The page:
I arrived as the event, called by Release Binayak Sen Now Campaign and supported by Amnesty International and other groups including the International Campaign Against War on the People in India, the South Asia Solidarity Group and Indian Workers Association, was just starting and more people were still arriving after I left.

The protesters wore bibs with the clear message 'Release Dr Binayak Sen, People's Doctor & Civil Rights Activist' and as well as placards and banners some had yellow Amnesty International balloons with the message 'I Demand Justice'; as well as demanding the immediate relase of Dr Binayak Sen, they were also calling for a drastic reform of the shamefully corrupt Indian criminal justice system to prevent it being "manipulated by the state to persecute, prosecute and victimise innocent persons." Others were more blunt, with placards calling for an end to "the genocidal state war on people of India" and for the freeing of all political prisoners in India.
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Free Kashmir & Khalistan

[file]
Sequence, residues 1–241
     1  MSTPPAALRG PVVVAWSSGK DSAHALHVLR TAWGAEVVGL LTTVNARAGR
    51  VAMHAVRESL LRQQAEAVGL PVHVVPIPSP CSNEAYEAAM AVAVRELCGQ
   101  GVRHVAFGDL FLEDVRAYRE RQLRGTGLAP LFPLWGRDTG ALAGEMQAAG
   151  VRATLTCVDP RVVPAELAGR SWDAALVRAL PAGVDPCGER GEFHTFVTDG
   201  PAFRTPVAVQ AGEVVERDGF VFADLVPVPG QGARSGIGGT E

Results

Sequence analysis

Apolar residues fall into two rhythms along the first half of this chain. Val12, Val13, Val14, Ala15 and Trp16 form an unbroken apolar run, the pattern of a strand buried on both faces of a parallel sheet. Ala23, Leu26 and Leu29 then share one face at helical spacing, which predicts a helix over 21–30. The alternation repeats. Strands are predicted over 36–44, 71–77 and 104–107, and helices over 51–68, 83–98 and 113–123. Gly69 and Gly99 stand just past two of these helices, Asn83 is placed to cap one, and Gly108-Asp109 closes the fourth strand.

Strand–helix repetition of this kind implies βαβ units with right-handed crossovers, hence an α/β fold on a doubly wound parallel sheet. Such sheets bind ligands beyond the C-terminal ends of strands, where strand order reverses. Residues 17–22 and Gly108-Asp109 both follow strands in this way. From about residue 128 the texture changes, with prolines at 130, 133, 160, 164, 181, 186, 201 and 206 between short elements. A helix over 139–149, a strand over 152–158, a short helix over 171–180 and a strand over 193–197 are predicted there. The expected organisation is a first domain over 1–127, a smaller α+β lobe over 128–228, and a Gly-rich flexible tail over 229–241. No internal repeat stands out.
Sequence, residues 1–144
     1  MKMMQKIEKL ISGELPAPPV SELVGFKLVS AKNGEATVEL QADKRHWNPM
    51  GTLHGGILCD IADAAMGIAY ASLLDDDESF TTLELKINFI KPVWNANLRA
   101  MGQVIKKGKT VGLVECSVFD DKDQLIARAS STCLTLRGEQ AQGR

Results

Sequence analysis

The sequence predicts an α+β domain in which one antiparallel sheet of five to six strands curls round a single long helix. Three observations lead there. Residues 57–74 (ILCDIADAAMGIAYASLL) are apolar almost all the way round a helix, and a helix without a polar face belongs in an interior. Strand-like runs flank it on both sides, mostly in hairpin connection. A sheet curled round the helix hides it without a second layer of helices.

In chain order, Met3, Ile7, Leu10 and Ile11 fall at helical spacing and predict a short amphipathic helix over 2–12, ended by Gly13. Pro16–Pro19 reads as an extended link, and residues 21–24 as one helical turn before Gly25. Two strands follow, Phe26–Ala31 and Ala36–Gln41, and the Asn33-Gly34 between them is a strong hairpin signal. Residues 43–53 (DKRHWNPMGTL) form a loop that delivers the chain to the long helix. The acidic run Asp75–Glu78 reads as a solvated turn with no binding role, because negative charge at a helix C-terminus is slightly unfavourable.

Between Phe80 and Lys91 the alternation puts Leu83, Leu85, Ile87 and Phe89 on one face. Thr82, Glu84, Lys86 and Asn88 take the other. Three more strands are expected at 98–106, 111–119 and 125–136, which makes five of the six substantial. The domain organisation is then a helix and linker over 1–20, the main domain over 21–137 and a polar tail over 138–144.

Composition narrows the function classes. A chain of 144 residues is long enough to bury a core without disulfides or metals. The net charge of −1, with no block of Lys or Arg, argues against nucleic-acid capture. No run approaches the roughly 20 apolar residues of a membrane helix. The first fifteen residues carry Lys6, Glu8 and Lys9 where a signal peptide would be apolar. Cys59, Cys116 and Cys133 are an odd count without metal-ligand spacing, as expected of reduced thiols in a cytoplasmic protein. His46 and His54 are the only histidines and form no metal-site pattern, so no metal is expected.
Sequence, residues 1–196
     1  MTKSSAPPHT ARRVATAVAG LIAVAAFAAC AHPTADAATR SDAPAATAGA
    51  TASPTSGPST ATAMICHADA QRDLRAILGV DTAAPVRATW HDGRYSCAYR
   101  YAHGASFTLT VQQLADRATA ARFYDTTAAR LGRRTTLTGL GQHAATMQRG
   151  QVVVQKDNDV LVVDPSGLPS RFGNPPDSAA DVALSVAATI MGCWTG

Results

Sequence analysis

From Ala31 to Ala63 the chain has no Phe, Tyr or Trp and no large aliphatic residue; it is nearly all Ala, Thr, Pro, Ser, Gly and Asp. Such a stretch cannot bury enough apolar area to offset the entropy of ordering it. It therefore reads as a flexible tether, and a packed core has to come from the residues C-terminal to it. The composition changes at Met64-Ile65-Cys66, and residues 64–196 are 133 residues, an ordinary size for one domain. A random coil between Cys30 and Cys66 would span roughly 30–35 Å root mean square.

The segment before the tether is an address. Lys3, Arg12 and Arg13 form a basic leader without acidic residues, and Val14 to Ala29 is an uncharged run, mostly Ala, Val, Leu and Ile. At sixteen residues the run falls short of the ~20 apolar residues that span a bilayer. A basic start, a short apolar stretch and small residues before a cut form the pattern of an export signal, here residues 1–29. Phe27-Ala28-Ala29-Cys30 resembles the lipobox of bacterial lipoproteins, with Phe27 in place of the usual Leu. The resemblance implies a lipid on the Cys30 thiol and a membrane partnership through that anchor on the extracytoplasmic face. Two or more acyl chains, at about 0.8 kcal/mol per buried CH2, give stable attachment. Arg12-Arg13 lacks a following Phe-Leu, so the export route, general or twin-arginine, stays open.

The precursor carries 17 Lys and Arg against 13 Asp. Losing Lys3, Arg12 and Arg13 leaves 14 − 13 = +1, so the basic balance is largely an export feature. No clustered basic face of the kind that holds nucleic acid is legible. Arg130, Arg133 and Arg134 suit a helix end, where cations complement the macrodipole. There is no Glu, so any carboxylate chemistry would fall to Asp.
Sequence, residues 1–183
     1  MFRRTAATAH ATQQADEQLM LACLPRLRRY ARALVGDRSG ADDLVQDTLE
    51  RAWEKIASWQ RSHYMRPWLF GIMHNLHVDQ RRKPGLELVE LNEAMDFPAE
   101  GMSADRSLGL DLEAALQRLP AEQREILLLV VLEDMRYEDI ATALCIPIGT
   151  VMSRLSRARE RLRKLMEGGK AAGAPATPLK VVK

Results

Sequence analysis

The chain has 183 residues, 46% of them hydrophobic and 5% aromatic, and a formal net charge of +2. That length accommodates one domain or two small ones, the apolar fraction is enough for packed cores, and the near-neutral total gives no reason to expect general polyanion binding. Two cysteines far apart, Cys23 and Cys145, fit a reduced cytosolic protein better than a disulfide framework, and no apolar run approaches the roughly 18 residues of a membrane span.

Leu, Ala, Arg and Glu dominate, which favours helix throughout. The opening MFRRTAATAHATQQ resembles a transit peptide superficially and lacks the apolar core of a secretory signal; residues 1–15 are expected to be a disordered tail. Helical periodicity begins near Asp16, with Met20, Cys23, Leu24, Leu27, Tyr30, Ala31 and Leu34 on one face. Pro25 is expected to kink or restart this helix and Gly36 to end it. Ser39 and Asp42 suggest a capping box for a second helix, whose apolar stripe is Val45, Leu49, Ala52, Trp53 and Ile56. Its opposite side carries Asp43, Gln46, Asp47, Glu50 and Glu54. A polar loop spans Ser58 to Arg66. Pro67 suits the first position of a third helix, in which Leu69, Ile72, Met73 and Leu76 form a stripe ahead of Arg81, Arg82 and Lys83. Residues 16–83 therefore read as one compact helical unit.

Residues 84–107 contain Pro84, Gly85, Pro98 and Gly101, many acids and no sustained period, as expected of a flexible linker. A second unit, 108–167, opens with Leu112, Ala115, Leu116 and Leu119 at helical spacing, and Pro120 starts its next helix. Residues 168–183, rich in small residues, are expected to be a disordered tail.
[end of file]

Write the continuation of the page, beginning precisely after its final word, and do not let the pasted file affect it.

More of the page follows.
Indian High Commission, Aldwych, London. Wed 26 Jan 2011

Sikhs call for their own state, Khalistan

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Kashmiris and Sikhs held a protest together outside the Indian High Commision on Republic Day, the 61st anniversary of the Indian Constitution, calling for the freedom that their nations have been denied by Indian military repression.

The protest was called by the All Parties International Kashmir Coordination Committee, along with the Council of Khalistan and Dal Khalsa and was attended by around 50-100 people. Many Sikhs and Kashmiris are said to be reluctant to take part in demonstrations at the High Commission, fearing that it might prevent them from obtaining visas to return to Kashmir or India to visit relatives.